Most contemporary people raised in Western societies find the idea of eating dogs to be repugnant. Although some Asian cultures still use dogs as food items, even they recognize the strong aversion that Westerners have for this practice. Because of this in 1988 when the Olympic games were held in Seoul, South Korea, and again in 2008 when the Olympics were held in Beijing, China, the respective governments passed temporary laws forbidding restaurants in the Olympic city limits to serve dishes made with dog meat. This was based of a fear that such menu items would offend their Western visitors. [However because of public pressure in both cases, shortly after the Olympics had concluded, dog dishes again became available, and dogs could again be seen hanging in local butcher shops.] Given the fact that most of us find the idea of dogs as food items to be most unsavory, I was somewhat amused when a friend sent me a photograph of a Corgi omelette. Rest assured there was no actual Corgi dog in the omelette, but rather this was a Japanese dish called "omurice," which is a type of omelette that is filled with rice. Kids, in particular, love it and it is sometimes shaped in the form of animals.
As a psychologist I found this to be somewhat puzzling that, given our repulsion at the thought of eating dogs, we then go on to shape food in the form of a dog. So I contacted my network of friends in order to see how widespread the use of dog shaped food might be. My mailbox filled up with a variety of pictures of dog shaped food, mostly prepared for children. Some of these creations were rather simple, such as decorating a hamburger bun with slices of processed cheese torn or cut to the shape of ears, eyes, and the nose of a dog.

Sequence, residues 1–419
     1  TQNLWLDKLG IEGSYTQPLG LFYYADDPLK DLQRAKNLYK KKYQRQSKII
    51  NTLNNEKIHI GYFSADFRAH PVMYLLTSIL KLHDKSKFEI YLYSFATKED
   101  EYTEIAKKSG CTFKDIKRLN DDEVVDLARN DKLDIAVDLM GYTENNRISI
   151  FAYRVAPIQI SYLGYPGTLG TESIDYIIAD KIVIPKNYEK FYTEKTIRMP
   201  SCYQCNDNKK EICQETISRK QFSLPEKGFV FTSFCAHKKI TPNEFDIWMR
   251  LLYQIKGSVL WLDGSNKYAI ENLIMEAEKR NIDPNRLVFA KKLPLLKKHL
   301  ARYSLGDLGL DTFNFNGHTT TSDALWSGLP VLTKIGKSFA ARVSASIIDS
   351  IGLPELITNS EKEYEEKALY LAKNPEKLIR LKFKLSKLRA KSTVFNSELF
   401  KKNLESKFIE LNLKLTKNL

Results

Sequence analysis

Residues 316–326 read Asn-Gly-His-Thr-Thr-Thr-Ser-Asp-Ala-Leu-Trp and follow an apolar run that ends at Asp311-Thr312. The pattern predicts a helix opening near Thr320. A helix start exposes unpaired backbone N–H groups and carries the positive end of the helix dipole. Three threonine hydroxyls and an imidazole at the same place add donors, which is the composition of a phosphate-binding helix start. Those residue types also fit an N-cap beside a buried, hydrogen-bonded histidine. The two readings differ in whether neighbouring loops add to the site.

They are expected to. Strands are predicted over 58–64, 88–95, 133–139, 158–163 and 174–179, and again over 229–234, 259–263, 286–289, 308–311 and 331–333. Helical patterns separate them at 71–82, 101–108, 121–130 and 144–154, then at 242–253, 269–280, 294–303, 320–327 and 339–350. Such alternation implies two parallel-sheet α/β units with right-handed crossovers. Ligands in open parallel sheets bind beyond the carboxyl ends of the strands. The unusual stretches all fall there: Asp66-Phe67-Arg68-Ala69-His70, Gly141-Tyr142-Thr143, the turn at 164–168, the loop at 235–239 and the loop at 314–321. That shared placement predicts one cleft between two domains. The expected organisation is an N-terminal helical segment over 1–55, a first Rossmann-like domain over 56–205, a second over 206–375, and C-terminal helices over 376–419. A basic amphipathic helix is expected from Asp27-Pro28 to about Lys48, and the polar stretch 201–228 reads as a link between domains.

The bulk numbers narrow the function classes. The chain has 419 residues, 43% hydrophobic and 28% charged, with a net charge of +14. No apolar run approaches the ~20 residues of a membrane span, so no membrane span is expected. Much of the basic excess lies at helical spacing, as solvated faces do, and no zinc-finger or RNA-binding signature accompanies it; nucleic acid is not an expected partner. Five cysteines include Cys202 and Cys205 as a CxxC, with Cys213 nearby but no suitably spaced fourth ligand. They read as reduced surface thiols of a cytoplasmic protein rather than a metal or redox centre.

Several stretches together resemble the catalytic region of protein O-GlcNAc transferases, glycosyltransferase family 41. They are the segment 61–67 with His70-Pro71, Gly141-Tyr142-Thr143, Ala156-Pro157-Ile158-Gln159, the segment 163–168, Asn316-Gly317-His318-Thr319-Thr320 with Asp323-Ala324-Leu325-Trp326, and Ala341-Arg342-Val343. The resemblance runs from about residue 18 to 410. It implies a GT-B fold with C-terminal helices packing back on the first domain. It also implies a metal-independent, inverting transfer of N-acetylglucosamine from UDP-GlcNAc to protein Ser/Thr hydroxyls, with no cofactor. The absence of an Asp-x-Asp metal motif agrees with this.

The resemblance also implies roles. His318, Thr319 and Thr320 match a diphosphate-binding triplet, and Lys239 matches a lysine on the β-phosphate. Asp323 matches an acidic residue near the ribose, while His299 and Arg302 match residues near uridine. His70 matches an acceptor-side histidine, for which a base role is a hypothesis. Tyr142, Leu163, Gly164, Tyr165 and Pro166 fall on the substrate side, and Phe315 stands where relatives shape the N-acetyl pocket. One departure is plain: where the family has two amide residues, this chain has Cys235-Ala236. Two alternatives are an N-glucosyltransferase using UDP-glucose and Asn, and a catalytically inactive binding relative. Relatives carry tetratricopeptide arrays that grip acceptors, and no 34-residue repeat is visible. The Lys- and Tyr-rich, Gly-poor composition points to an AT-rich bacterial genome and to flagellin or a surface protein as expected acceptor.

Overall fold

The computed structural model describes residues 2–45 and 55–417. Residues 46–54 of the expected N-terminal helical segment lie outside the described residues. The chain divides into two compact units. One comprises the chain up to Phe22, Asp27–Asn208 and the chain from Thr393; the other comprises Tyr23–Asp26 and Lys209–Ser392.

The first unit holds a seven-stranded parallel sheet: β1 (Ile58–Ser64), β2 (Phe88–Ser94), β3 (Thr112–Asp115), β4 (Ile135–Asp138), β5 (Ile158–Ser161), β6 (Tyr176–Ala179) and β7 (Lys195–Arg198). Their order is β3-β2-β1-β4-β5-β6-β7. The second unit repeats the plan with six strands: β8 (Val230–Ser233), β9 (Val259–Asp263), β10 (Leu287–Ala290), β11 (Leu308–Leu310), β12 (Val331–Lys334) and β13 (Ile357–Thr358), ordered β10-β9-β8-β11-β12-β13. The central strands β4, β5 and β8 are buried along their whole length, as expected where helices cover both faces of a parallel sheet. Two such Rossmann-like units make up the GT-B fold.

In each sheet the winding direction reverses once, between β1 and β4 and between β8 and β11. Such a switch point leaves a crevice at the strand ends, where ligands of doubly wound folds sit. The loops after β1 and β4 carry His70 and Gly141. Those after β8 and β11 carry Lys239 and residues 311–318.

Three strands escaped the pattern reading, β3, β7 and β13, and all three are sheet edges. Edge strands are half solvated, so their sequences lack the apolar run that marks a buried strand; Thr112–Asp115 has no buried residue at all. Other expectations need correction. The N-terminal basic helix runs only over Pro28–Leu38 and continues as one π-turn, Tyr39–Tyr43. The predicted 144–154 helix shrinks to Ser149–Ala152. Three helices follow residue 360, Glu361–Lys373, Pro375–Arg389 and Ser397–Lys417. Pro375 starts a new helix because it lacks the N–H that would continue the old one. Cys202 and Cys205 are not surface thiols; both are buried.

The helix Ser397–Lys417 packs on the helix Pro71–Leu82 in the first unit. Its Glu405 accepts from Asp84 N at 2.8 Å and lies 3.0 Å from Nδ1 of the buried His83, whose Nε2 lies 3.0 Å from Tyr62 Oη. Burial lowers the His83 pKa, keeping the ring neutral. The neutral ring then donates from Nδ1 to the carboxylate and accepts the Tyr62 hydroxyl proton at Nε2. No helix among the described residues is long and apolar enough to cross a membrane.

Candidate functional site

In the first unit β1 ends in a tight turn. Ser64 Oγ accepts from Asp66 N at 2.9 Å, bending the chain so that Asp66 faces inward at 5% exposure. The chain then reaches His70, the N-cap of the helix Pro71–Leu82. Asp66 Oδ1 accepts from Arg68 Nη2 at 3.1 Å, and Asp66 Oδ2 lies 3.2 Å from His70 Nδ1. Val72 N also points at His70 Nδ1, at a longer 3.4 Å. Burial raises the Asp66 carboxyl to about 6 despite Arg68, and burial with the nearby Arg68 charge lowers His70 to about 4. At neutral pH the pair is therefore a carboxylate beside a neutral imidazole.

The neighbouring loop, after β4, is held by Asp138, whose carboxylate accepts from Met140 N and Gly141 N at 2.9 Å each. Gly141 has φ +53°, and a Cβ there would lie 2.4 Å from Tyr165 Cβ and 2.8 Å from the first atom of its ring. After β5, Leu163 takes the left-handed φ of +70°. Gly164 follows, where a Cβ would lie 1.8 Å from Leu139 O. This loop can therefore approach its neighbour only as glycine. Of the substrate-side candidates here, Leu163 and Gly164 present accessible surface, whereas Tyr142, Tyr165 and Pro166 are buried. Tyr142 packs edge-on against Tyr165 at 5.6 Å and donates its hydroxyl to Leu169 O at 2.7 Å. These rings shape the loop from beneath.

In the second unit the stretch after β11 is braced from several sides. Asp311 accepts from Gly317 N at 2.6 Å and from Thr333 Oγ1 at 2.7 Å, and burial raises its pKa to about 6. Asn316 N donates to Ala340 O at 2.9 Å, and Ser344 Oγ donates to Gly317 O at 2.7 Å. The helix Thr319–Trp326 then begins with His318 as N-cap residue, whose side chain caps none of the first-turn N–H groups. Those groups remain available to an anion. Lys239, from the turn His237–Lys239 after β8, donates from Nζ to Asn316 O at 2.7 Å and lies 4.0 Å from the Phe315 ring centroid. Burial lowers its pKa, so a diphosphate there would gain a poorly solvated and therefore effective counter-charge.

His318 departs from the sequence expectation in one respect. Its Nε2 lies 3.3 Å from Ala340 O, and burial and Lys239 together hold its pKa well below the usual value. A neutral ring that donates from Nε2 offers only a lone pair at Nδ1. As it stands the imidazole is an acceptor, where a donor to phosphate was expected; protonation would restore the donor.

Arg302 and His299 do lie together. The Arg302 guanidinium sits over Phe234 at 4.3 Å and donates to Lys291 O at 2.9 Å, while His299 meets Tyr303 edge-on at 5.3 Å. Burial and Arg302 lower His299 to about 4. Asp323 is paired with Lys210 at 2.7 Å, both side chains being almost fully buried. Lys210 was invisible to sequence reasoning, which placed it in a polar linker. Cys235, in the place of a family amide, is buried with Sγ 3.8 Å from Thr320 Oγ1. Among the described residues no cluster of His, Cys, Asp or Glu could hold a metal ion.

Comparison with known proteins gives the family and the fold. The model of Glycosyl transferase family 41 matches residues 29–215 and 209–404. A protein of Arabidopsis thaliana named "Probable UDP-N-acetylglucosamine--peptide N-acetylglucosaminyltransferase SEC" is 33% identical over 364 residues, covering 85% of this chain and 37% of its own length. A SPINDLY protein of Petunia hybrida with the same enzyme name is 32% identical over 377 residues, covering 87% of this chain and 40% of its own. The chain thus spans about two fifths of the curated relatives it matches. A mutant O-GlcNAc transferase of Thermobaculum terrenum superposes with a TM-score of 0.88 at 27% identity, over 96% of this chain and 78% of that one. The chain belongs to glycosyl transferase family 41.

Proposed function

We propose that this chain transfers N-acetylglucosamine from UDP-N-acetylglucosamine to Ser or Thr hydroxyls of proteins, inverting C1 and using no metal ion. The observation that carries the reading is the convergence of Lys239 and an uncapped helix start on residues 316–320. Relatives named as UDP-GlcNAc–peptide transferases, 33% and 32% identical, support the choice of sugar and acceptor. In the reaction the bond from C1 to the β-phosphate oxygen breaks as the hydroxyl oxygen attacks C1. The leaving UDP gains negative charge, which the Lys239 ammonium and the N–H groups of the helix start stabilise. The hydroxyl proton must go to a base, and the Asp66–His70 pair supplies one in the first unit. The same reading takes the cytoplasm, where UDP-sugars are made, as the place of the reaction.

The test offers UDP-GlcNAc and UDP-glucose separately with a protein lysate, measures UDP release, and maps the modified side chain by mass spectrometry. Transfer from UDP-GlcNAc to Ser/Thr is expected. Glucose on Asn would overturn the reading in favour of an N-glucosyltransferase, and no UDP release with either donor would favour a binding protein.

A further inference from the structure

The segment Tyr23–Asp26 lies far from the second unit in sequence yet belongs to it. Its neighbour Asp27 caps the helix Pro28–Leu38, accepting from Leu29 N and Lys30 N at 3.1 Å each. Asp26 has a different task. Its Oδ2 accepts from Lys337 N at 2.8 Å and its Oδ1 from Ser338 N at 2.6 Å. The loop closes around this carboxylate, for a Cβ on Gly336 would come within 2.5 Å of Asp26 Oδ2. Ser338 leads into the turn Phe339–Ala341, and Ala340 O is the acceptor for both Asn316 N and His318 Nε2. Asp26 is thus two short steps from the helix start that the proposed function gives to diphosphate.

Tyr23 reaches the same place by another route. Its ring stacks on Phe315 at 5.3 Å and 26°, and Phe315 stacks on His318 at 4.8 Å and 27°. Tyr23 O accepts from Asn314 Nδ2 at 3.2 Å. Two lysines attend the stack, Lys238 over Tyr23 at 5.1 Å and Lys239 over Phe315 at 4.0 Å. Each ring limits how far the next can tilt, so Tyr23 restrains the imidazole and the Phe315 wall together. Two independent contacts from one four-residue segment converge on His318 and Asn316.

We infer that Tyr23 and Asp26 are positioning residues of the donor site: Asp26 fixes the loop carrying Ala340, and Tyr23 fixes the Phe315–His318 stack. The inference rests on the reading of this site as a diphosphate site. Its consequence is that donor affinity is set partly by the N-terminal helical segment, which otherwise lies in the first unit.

A popular theme seem to be the idea of "a dog in a dog" where the dog shape was used to enclose a hot dog. These could be simple dog head shaped biscuits used as hot dog buns such as below.
A more elaborate version modifies the "pig in a blanket" theme, producing a whole dog body wrap for the wiener.
Someone even pointed out that you can now buy bread cutters in the shape of dogs and other animals. These are like oversized cookie-cutter shapes, only a bit sharper so that you can cut through slices of bread and then use the resulting shapes for sandwiches in canine forms.
Another friend suggested that if kids really like to eat dog shaped things then perhaps we could use this to get them to eat their vegetables.
While I was meeting with two colleagues who also happen to be psychologists, I brought up the issue of what process might underlie the pleasure we get from eating dog shaped food. Freud's name came up as did Jung's, and words like displacement and responses to unconscious archetypal urges. Another idea is that such dog shaped food items might give children a feeling of control over animals since they are able to eat them with impunity. However in the end the consensus seemed to be that we eat dog shaped foods because such items seem to evoke some feelings of amusement, and that such amusement translates into a better dining experience. This seemed to be as good an explanation as any other at least until I got home and found another image in my mailbox.
Although I can agree that this is a funny image, I fail to see how the idea of a Dog-Butt-Stew would lead to a better dining experience. I do wish that Sigmund Freud was still around to offer his insight on what the motivation for this culinary creation might be.
Stanley Coren is the author of many books including: The Wisdom of Dogs; Do Dogs Dream? Born to Bark; The Modern Dog; Why Do Dogs Have Wet Noses? The Pawprints of History; How Dogs Think; How To Speak Dog; Why We Love the Dogs We Do; What Do Dogs Know? The Intelligence of Dogs; Why Does My Dog Act That Way? Understanding Dogs for Dummies; Sleep Thieves; The Left-hander Syndrome
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